RENEE MONTAGNE, host:

Halloween is a time to celebrate those creatures of the night who send a thrill of fright down our spines, bats. But in the northeastern US, bats with a strange ailment are dying by the thousands. It's called white-nose syndrome. Yesterday, scientists announced what more they've learned about it. NPR's Dan Charles reports.

DAN CHARLES: Alan Hicks from the New York Department of Environmental Conservation alerted the world to white-nose syndrome almost two years ago. He went looking for it again this week along with reporter Brian Mann from North Country Public Radio in an abandoned iron mine near Port Henry, New York. The bats here are just settling in for the winter, squealing softly. Hicks collects a few bats and drops them into paper lunch bags. He checks for the mark of the epidemic, white fuzz on their noses. Good news, there's no sign of it. Whispering softly to avoid disturbing the bats, Hicks says in some other caves near here they're getting wiped out completely.

Mr. ALAN HICKS (New York Department of Environmental Conservation): Don't be surprised if many of the sites we visited last year aren't at zero or very near zero this winter.

CHARLES: About a year ago, Hicks collected bats with this white-nose syndrome and took them to Melissa Behr, a specialist on animal diseases at the New York Department of Health. But she couldn't figure out what the problem was.

Ms. MELISSA BEHR (New York Department of Health): He would bring a bunch of bats back and we would triage them over the course of the evening and I was wondering where the white stuff had gone.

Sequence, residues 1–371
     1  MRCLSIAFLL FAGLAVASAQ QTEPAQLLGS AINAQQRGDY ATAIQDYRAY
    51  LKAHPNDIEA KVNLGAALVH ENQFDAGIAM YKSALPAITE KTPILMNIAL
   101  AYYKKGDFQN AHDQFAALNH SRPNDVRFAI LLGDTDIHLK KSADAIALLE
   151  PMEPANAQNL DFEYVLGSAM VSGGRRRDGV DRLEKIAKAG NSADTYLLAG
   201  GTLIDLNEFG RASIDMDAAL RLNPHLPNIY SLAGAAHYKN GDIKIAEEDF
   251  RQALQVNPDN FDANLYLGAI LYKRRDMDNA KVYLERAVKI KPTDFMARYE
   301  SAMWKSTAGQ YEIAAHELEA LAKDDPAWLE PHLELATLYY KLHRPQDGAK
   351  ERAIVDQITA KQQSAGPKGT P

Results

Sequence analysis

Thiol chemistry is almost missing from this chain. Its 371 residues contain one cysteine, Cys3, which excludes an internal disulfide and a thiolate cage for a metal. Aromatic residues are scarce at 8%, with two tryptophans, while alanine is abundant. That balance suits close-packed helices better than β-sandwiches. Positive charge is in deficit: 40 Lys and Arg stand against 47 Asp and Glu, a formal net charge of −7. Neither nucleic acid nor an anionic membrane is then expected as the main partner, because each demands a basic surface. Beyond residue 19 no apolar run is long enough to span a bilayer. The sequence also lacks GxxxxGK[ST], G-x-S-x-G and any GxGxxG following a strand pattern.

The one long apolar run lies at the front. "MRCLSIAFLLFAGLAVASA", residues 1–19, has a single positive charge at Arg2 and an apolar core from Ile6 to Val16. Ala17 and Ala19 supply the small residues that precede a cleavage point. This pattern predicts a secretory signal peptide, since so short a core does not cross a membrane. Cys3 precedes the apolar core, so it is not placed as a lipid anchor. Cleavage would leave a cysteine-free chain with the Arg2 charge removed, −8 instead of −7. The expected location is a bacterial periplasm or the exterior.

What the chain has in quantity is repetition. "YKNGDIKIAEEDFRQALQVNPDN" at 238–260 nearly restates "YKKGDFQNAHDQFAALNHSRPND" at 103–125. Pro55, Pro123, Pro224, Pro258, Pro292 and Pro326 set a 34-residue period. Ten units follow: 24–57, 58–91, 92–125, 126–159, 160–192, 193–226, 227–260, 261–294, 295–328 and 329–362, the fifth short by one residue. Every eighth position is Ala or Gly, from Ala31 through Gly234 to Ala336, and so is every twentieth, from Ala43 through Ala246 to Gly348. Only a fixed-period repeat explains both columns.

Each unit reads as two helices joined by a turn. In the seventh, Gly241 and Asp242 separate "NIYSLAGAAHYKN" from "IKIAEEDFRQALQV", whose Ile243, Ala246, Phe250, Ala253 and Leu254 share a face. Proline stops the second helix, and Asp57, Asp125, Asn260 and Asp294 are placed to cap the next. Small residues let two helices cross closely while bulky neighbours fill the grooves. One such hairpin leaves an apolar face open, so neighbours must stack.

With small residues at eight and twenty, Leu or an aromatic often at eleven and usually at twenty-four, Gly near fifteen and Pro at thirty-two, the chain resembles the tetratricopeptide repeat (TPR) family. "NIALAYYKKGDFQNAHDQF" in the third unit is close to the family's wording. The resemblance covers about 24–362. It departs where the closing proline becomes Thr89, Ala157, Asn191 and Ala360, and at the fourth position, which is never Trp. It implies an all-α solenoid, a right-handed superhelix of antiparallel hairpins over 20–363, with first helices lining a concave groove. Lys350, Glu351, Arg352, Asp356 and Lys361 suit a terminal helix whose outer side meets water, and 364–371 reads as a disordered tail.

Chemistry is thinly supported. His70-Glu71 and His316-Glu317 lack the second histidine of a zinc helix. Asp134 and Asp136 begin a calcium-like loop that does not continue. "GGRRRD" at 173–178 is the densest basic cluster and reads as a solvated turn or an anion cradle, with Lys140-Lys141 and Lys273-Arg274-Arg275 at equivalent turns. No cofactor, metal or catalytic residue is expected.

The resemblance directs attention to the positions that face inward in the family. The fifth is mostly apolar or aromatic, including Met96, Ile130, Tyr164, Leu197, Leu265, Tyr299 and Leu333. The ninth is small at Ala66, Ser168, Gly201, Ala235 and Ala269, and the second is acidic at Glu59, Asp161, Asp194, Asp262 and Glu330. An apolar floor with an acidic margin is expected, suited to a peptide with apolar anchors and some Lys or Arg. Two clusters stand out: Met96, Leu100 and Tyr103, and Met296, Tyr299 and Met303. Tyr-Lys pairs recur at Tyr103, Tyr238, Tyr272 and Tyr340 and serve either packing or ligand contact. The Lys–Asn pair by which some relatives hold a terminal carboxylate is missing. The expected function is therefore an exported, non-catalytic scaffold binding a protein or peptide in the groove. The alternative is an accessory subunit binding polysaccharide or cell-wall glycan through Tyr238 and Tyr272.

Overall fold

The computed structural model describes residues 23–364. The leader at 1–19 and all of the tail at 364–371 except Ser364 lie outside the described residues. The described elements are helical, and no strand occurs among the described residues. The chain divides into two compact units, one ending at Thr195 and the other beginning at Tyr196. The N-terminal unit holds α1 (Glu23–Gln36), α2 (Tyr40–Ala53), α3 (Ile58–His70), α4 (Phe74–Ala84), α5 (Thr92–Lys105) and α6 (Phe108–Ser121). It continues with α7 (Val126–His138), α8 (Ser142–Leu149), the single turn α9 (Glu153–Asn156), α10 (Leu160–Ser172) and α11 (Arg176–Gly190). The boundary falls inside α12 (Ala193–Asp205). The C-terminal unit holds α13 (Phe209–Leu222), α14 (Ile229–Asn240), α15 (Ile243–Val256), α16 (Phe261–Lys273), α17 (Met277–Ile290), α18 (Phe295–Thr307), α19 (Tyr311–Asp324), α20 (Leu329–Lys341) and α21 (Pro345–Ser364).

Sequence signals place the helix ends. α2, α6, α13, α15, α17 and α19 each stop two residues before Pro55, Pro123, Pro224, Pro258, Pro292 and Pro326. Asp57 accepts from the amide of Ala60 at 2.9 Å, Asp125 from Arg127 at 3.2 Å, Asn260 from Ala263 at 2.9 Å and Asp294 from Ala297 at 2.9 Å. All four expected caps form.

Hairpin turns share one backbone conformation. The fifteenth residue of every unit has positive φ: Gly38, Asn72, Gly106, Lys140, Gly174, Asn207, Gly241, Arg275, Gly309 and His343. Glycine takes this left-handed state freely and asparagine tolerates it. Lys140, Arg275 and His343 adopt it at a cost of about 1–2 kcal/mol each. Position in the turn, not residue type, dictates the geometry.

CHARLES: The white material, apparently a fungus, was so fragile it disappeared at the slightest touch. So Behr moved her operation close to the bats, inside two abandoned mines.

Ms. BEHR: I got so I could actually grab a little bat, stabilize his little head, grab the fungus and put it on a slide.

CHARLES: The slides went under a microscope. She took pictures and sent them to lots of people including David Blehert with the US Geological Survey in Madison, Wisconsin. Blehert runs a diagnostic laboratory there.

Mr. DAVID BLEHERT (US Geological Survey in Madison, Wisconsin): The mission of my lab suddenly became, what is this white stuff?

CHARLES: No one had ever seen a fungus that looked like this one. But Blehert and his colleagues retrieved sections of its genetic code and found it resembled DNA in a family of fungi called Geomyces. These fungi usually live in cold places, for instance in Antarctica. The scientists found exactly the same fungus on bats from all the caves and they found it all over the bats' skin, including their wings and ears. Blehert can't yet say for certain that the fungus is killing the bats.

Mr. BLEHERT: Fungi usually don't kill otherwise healthy animals all on their own.

CHARLES: But bats with white-nose syndrome are starving. Blehert says maybe the infection makes a bat wake up too often during hibernation so it burns up its reserves of fat too quickly. The scientist reported their discovery in this week's issue of the journal Science. Now that they have a sample of the fungus' genetic code, they can test for it in other places. They want to know where it came from because that might provide a clue to how the epidemic started. They think right now that something, maybe a person, maybe an animal carried a trace of this fungus into Howes Cave in upstate New York, 30 miles west of Albany. That's where someone took the first picture of a white-nosed bat three years ago. The following year, Blehert says, bats were dying in five caves, all within 10 miles of Howes Cave.

Mr. BLEHERT: And by last winter, '07-'08, it was present at 33 sites out to about a 210-kilometer radius.

CHARLES: In the two sites, the scientists have monitored most closely, 78 and 97 percent of the bats have died. Nobody knows where the plague will end. Happy Halloween! Dan Charles, NPR News Washington.

MONTAGNE: And for details on the ailing bats, you can swoop in to npr.org. This is NPR News.

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